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Asia, Tibet, Everest, More on Earlier Chinese Expeditions

Everest, More on Earlier Chinese Expeditions. When the Western mountaineering world reacted with scepticism to Chinese claims in 1960 that their brave climbers had reached the summit of Everest, the authorities in Beijing did not publicly take any notice of these doubts. In fact, they took plenty and decided to launch another assault in 1967 to prove that they were as capable as anyone of reaching the summit. In preparation for the 1967 conquest, earlier climbs in 1964 and 1966 were organized. The Tibetan Mountaineering Association, which is headed by a Han Chinese but has Tibetan climbers associated with it, has launched a ten-year campaign to put Tibetans on the summits of all the 8000-meter peaks. In the spring of 1993, two TMA officials and the leader of the 1993 climbs of Annapurna and Dhaulagiri, Samdrup, came to Kathmandu. They promised to send me details of the earlier Everest attempts. The spring of 1964 expedition of about 20 climbers was led by Xu Jin. Their task was to determine the route, carry up supplies of oxygen and demonstrate skills to the 1967 selectors. Six or seven of this team reached 8100 meters. The group that went in 1966 were some 60 soldiers with no climbing experience who were ordered to the mountain by the leaders of the Cultural Revolution. Twenty were to do the climbing. The leader was again Xu Jin. They reached 7790 meters and were not capable of going higher. The Cultural Revolution took a different line and the 1967 expedition was suspended. The next Chinese effort on Everest was in 1975 when nine climbers, including the Tibetan woman Phantog, reached the top. Samdrup, who got to the summit in 1975, presented me with the list of eight men who had died on Everest. I already knew the names of three who perished in a crevasse fall during the post-monsoon Sino-Japanese reconnaissance of 1979. They were Wang Hong Bao, Nima Tashi and Luo San. The others were Wang Ji, who died in 1960 of pulmonary edema at Advance Base after climbing to the North Col; Shou Zhi Qing, who in 1964 died of a cerebral hemorrhage on the North Col; Ma Gao Shu, who in 1966 reached 7790 meters but fell to his death on the descent; Wu Zhuong Yue, who had climbed Shisha Pangma in 1964 but suffered a fatal fall at 8100 meters, in 1975; and Shi Ming Ji who died of a cerebral hemorrhage in 1978 at only 5700 meters on a Sino-Iranian reconnaissance. [Miss Hawley’s report has been slightly shortened —Editor.]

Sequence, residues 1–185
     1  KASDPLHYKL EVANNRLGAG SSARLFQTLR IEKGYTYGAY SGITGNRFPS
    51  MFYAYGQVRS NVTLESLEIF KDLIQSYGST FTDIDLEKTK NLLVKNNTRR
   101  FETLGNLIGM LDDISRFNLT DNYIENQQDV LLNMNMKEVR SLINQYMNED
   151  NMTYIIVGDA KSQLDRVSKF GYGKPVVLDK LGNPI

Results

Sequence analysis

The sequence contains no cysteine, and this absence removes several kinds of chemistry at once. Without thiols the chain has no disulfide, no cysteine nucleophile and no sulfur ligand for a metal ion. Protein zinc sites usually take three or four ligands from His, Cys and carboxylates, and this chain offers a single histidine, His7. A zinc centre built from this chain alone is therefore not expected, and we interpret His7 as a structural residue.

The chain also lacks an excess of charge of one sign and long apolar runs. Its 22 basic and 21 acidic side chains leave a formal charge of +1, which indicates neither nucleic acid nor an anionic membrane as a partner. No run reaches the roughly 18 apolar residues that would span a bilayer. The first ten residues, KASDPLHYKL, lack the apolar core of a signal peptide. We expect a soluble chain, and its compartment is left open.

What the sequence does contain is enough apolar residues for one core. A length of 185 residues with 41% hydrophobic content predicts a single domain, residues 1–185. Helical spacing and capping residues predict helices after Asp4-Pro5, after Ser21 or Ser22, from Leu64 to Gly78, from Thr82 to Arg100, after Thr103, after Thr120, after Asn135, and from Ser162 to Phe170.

Elizabeth Hawley